They changed track because of corona

When the coronavirus pandemic struck, a great many researchers put aside their current projects to devote themselves completely to the new virus. Meet three of those whose working life took an unexpected turn.

Name: Jan Albert

Title: Professor of infectious disease control specialising in virology at the Department of Microbiology, Tumour and Cell Biology, Karolinska Institutet. Senior physician at Karolinska University Hospital.

Occupation during the corona era: Head of Karolinska Institutet’s Expert Group on COVID-19.

Photo of Jan Albert.
Jan Albert. Photo: Margareta Bloom Sandebäck

“In the beginning, media questions were taking up almost half of my working day”

“There were a few of us senior doctors at Karolinska University Laboratory who realised back in January that the disease would probably reach our shores, long before society as a whole understood it. We planned for a pandemic and I was prepared for the fact that many people, including my loved ones, would contract COVID-19, but likewise that the vast majority would survive. 

At the same time, my brother’s best friend was one of the first people in Sweden to be infected. He was seriously ill and required intensive care before he could be discharged. It was extremely worrying when he fell ill.

I lead Karolinska Institutet’s Expert Group on COVID-19 as well as working as a doctor and conducting virtually all of the virus teaching at Karolinska Institutet, which has been from at distance since the spring. This has involved a heavier workload than normal but has felt important and stimulating. In the beginning, as the infection started to spread in earnest, media questions were taking up almost half of my working day; however, I consider it one of my duties to answer questions from the media – and I don’t find it uncomfortable.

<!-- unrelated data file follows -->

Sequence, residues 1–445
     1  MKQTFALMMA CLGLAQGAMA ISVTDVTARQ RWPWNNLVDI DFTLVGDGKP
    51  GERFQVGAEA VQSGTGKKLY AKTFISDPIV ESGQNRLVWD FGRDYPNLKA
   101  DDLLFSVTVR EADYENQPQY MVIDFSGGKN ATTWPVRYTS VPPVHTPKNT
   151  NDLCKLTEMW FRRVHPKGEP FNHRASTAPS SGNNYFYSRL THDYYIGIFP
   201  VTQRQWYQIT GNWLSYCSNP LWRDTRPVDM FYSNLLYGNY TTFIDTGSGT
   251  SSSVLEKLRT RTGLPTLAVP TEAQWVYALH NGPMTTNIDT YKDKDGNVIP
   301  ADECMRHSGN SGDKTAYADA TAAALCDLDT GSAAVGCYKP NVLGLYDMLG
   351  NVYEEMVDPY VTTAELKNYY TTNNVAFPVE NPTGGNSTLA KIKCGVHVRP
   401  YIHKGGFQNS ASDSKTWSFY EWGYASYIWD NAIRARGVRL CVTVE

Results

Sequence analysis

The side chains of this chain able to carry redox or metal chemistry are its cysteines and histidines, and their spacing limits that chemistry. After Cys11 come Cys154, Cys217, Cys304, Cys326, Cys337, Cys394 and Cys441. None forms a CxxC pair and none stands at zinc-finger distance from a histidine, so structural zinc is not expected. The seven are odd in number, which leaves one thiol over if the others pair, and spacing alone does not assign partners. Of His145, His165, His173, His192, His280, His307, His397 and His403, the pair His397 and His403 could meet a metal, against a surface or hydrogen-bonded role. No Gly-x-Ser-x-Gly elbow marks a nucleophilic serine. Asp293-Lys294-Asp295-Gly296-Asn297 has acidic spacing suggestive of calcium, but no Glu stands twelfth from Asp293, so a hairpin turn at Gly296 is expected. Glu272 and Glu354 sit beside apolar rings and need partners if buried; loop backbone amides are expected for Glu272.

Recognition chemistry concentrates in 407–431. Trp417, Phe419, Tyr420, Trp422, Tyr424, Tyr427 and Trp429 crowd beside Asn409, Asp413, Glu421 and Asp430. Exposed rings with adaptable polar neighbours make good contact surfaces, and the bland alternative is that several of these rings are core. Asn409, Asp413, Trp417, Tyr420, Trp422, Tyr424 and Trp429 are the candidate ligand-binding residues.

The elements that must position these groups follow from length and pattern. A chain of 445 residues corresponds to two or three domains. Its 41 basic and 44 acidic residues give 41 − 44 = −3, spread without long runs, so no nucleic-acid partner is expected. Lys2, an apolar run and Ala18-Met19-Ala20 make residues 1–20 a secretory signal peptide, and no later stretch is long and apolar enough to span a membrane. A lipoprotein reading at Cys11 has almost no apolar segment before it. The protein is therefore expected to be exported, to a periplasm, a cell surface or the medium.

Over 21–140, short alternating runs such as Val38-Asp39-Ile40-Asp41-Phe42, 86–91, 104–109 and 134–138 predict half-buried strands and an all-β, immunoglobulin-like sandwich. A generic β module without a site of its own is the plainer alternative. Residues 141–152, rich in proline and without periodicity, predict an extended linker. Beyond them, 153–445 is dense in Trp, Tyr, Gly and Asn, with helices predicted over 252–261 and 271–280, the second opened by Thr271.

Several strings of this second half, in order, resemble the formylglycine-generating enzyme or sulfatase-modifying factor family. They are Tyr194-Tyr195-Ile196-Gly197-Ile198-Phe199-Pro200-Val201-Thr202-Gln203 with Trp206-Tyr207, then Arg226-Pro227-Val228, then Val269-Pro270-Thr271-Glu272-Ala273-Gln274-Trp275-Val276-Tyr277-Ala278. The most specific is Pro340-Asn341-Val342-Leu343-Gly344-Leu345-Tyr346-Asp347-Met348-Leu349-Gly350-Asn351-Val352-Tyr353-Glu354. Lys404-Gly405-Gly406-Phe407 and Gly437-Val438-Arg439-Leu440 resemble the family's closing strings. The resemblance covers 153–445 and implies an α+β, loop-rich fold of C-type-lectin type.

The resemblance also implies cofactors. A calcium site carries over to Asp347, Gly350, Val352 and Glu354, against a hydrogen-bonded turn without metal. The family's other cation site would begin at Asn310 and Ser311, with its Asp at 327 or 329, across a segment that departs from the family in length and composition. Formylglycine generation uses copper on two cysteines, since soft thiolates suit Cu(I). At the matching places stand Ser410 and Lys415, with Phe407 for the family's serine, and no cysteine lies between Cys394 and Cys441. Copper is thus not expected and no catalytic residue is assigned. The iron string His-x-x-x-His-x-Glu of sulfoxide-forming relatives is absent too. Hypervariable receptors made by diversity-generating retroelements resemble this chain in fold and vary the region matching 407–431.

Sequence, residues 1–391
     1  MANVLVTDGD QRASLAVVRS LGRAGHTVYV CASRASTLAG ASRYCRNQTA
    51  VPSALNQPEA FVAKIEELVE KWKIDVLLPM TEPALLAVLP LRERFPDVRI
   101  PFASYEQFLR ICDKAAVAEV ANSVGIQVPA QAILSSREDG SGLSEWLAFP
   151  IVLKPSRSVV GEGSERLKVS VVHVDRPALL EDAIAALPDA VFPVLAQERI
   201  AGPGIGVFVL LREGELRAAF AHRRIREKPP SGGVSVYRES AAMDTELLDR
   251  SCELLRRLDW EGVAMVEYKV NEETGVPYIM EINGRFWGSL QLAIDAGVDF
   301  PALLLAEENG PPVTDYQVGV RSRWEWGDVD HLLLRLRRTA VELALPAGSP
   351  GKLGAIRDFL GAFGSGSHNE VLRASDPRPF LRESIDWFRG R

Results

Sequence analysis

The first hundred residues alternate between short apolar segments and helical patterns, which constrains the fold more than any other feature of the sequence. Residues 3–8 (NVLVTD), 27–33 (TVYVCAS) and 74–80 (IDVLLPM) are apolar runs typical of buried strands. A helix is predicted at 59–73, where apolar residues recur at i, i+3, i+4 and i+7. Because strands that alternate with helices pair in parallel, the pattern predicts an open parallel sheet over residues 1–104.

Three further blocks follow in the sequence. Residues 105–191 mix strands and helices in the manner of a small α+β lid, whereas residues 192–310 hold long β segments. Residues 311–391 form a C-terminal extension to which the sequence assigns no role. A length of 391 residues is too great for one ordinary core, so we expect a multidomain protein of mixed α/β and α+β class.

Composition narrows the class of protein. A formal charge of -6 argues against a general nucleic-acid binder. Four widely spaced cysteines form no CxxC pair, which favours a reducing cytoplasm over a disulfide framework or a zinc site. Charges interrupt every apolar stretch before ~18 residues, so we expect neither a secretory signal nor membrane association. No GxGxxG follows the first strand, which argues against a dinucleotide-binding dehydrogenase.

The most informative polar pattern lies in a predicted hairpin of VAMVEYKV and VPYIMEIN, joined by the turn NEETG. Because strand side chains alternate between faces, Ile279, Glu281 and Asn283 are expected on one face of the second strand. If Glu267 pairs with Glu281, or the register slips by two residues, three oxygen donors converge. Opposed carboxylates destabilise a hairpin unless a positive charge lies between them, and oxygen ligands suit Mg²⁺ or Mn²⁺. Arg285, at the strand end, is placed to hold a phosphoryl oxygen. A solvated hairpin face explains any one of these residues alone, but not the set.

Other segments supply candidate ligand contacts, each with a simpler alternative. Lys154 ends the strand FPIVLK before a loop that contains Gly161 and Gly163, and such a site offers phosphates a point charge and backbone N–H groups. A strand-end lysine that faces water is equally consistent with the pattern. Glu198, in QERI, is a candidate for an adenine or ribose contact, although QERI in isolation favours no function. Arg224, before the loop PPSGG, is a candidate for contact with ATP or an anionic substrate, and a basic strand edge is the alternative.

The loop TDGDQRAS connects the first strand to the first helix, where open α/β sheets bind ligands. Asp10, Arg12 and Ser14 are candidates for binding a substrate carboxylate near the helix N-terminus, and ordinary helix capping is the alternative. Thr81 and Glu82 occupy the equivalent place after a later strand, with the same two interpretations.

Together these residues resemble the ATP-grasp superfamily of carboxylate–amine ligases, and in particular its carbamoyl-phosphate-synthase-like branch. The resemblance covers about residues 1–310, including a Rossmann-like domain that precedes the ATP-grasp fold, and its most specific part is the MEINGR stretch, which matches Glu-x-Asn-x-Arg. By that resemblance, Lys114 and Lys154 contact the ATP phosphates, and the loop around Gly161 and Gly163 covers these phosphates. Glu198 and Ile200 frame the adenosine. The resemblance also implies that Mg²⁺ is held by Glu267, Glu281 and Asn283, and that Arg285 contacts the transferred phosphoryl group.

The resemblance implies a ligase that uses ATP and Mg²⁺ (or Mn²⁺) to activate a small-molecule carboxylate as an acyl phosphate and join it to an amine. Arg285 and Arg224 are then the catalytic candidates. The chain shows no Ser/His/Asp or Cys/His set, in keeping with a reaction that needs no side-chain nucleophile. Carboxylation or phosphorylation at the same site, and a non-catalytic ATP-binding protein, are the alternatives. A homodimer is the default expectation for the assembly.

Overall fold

One day I was forced to appear on television to announce that the results we had presented on the previous day were unfortunately incorrect. There were unfortunate risk factors in the data that we were unaware of. Still, I didn’t find it particularly difficult to admit and it was well received. 

I have noticed a few glances when I am out walking. People recognise me and a few times I have been approached.

My field of research is actually centred on HIV and enteroviruses; that’s been on hold but I will be resuming it now. Research on COVID-19 is continuing, as is the Expert Group’s work. There may well be some media as well, depending on events.”

Name: Marie Holmqvist

Title: Docent in epidemiology at Karolinska Institutet’s Department of Medicine, Solna.

Occupation during the corona era: Relieving on the COVID-19 ward.

Photo of Marie Holmqvist holding a computer in front of a bush.
Marie Holmqvist. Photo: Margareta Bloom Sandebäck.

“It became clear that first and foremost I am a doctor.”

Before the pandemic I was mostly involved in research but when doctors were needed for a COVID-19 ward I was keen to contribute. In the early days it was mostly newly infected patients requiring oxygen or drips. During the late spring, we began to see more patients arriving after a long period in the ICU who needed to practice feeding themselves, walking and coping with the bathroom independently.